As an employer, you want to provide benefits that actually benefit your employees. Doing so helps improve their lives and creates happier, more stable employees for you. But how can you choose benefits that can help people get on a better track — financially, emotionally, or physically? And how can you keep them from affecting the taxes of the company or the employee?
Here are five places to focus your money.
1. Educational Reimbursement. The IRS allows employers to reimburse employees up to $5,250 each year for qualified higher education expenses. This can generally include tuition, fees, and textbooks, and it's open to both undergraduate classes and graduate school. Helping your employees get more education results in more loyal, more skilled, and more engaged workers.
2. Dependent Care Expenses. Child care is one of the biggest expenses for many working families. As the employer, you can help share that burden by providing on-site child care or reimbursing up to $5,000 of the employee's expenses. Not only does this help the family's budget, but it can lead to more productivity and stability for those working for you.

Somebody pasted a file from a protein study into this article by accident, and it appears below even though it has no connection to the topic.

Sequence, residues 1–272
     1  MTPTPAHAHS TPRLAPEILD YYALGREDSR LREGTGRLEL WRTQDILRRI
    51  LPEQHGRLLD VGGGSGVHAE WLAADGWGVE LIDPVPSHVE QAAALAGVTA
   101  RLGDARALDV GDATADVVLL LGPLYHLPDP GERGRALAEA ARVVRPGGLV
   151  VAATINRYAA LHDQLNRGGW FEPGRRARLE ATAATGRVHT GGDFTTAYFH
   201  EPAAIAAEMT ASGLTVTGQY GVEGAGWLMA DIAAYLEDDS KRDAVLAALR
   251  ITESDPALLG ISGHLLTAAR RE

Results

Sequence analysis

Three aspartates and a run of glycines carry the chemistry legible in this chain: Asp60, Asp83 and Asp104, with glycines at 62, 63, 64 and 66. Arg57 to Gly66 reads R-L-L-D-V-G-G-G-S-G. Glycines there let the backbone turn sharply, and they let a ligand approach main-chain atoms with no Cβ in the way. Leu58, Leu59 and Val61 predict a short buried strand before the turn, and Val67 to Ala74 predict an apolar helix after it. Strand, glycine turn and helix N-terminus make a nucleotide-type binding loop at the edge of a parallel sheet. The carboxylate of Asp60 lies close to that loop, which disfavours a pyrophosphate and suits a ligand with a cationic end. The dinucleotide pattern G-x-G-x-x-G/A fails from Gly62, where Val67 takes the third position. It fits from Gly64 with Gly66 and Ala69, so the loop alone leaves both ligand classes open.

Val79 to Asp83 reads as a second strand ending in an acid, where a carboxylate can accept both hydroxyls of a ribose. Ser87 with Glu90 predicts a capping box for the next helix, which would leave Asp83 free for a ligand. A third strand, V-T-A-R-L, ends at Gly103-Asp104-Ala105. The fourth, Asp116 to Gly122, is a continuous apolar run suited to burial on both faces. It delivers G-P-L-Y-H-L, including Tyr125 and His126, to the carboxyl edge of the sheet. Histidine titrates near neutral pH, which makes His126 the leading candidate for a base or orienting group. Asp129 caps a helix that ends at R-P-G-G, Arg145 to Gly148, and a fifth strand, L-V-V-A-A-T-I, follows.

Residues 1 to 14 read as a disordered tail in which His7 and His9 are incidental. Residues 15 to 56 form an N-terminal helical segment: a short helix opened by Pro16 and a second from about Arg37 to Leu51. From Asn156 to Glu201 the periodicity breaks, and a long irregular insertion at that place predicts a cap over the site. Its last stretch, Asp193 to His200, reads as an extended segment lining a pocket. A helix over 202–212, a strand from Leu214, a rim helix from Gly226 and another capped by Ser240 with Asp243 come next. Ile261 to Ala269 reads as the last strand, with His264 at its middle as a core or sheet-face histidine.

3. Company Gym. Encourage employees to improve their health by setting up a gym on your property. Small companies can create a small gym area with a few machines, a yoga studio, and facilities to change. Have more employees? Step up your game by paying instructors to offer classes before or after work and a lunchtime. You can deduct the expense and your employees won't include it in taxable income.
4. Flexible Spending Account. An FSA (also called a cafeteria plan or Section 125 plan) is an account into which you and/or the employee contribute up to $2,650 (in 2018) towards medical and dental expenses throughout the year. You can use this plan, for instance, in conjunction with a health insurance plan that includes a deductible to ensure that employees and their families can still afford to see a doctor. It can also reduce the overall cost of a company health plan by opening up more options.
5. Life Insurance. Employers can provide up to $50,000 worth of group term life insurance with no tax consequences to the employee. Life insurance is an important protection for many, but particularly for those with only one working spouse, with small children, or who provide care for older family members.
As you provide worthwhile benefits and keep everyone's taxes lower, you'll undoubtedly see a happier workforce and tangible improvement in your own company. Contact a tax firm, like Balkcom Pearsall & Parrish CPA's PA, for more help.